Sweden pledges millions in funds to help food crisis

Updated: Mar 25, 2021

Swedish International Development Cooperation Agency
An amount of SEK 50 million (approximately US$5.7 million) will be committed to IFAD’s Rural Poor Stimulus Facility. PHOTO: ImageCollab

Sweden through the Swedish International Development Cooperation Agency (SIDA) has pledged funds to help avert a potential food crisis in some of the world’s most vulnerable rural communities in the wake of COVID-19. This was announced by the United Nation’s International Fund for Agricultural Development (IFAD) on 3 September.

Gilbert F. Houngbo, president of IFAD, says an amount of SEK 50 million (approximately US$5.7 million) will be committed to IFAD’s Rural Poor Stimulus Facility, launched in April, by Idris and Sabrina Elba, IFAD goodwill ambassadors. Houngbo says the facility is supporting small-scale farmers and rural producers to continue to grow and sell food despite COVID-19 restrictions in movement and trade by providing timely access to agricultural inputs, information, markets and liquidity. “We would like to thank Sweden for its commitment to achieving a world without poverty and hunger. The funds will assist rural producers, particularly women, to continue making food available to the markets ensuring the COVID-19 pandemic does not escalate into a lingering food crisis,” he says.

Carin Jämtin, director-general at SIDA, says in the midst of the pandemic we need to support sustainable food production to reduce poverty and achieve zero hunger by 2030 with small-scale farmers in the frontline needing assistance now. She says Sweden also committed SEK 40 million (approximately US$4.6 million) to IFAD’s Financing Facility for Remittances.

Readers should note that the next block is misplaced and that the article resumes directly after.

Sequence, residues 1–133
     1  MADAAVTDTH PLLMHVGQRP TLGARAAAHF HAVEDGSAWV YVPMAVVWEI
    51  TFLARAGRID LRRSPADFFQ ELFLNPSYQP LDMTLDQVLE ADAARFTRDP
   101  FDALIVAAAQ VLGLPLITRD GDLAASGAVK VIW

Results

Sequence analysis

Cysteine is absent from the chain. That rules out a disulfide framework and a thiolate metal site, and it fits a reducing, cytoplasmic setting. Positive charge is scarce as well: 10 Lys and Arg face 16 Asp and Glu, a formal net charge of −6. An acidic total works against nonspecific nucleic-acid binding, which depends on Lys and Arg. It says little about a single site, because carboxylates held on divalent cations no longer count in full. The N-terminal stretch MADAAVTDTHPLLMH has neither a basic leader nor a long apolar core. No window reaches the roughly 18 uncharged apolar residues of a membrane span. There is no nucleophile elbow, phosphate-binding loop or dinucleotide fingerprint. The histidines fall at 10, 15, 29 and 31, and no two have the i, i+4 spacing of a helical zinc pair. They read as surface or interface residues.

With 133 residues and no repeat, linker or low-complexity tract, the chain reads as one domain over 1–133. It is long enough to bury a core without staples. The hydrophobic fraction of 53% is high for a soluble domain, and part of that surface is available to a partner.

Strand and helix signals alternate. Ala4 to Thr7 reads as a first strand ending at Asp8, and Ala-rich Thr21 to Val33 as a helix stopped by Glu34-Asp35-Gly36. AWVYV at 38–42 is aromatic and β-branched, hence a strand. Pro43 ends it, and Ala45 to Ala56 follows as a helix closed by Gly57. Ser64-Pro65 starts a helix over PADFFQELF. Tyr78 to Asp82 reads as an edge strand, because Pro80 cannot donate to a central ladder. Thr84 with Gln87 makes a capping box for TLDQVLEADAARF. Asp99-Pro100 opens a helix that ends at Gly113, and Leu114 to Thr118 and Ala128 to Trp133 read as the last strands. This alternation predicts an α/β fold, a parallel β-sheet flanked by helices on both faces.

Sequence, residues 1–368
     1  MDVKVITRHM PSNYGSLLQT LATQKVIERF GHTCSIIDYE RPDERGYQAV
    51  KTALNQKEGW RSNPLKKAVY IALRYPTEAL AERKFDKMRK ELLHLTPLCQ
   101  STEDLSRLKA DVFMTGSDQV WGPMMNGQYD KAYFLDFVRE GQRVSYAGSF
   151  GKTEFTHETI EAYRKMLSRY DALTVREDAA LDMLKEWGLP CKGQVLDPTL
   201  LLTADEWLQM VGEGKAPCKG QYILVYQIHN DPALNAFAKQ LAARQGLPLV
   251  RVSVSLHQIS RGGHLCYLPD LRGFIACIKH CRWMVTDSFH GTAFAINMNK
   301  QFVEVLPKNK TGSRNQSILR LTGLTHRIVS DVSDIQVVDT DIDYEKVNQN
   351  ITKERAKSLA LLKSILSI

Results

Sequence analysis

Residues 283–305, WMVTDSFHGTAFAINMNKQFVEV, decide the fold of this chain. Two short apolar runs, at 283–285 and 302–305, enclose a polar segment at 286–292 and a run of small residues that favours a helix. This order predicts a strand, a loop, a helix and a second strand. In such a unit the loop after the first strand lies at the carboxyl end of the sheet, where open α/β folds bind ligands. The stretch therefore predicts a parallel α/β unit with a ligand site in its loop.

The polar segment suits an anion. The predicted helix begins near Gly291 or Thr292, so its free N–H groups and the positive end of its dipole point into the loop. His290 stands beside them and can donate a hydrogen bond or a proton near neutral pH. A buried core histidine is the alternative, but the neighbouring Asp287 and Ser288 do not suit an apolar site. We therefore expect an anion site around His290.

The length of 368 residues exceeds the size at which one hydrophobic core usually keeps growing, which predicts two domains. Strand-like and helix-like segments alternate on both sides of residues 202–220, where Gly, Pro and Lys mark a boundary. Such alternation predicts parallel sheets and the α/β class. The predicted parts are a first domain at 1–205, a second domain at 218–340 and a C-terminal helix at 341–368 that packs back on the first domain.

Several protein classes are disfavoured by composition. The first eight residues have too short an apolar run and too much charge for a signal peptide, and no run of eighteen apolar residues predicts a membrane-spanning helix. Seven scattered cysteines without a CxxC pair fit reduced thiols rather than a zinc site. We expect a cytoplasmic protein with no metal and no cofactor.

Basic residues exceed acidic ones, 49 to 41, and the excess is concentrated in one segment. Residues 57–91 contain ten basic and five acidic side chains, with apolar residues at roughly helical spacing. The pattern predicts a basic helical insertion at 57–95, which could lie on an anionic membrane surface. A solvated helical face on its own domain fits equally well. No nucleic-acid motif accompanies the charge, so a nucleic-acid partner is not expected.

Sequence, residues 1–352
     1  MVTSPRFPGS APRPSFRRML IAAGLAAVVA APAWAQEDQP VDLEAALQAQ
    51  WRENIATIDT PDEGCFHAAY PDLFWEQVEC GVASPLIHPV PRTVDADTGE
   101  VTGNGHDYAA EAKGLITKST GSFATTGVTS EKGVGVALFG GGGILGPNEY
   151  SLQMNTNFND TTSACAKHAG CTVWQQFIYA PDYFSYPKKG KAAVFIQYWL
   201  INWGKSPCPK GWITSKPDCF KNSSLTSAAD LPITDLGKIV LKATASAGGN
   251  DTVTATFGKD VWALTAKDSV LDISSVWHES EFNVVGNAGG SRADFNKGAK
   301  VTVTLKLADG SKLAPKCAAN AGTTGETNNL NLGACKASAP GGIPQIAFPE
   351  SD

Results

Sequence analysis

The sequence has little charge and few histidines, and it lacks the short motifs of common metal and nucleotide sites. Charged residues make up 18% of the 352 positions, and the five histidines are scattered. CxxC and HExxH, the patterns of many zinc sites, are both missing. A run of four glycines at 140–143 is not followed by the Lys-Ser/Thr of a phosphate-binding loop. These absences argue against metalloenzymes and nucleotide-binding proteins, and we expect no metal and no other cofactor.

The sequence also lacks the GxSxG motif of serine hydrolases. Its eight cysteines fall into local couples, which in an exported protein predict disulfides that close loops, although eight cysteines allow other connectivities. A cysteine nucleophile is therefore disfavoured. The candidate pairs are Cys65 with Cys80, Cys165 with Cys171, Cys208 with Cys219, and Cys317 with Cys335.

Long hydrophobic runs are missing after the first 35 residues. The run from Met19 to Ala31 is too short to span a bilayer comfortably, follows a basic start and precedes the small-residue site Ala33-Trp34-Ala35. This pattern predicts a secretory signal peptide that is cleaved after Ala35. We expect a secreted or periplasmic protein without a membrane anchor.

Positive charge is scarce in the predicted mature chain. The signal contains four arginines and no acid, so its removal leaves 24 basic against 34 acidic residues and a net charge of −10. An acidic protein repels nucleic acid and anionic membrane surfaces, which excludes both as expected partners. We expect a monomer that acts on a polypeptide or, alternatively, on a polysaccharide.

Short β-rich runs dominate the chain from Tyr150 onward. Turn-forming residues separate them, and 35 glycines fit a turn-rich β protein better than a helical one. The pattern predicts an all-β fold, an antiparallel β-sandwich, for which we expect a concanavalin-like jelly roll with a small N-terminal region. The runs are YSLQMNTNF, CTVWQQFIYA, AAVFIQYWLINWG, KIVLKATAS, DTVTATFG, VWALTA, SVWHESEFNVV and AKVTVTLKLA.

“This aims to help maximize impact of remittances and diaspora investment on rural development, accelerate transformation of remittance markets through new technologies and promote financial inclusion so families receiving remittances use funds productively. Remittance flows, often a lifeline for rural families in the developing world, are projected to decline by about 20% this year due to migrant workers’ loss of employment worldwide and reduced access to transfer operators caused by COVID-19 restrictions,” she says.

According to the director-general, about 80% of the world’s poorest and most food-insecure people live in rural areas with around 135 million people recently categorized as facing acute food insecurity and malnutrition. She says it is estimated this number could nearly double before the end of the year due to the impacts of COVID-19. Movement restrictions to prevent the spread of the virus left many small-scale producers without access markets to sell produce or to buy seeds or fertilizer, while transport and border closures adversely affected rural areas and disrupted food systems. The most vulnerable include daily labourers, small businesses and informal workers, mostly women and young people.

“Sweden is a founding member of IFAD and is one of the 36 members of the IFAD executive board. It has committed more than US$471 million to the fund and contributed substantially to building the resilience of more 30 million rural people with a specific focus on helping small-scale farmers adapt to climate change,” says Jämtin.

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